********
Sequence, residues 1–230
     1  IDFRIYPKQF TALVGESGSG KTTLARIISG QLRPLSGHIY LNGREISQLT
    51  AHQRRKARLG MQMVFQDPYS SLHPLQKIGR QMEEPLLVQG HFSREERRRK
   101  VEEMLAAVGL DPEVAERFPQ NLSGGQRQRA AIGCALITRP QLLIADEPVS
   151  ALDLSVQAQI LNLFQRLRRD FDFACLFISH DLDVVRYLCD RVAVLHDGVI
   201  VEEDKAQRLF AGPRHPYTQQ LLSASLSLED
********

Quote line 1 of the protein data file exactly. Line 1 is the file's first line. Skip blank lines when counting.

Sequence, residues 1–230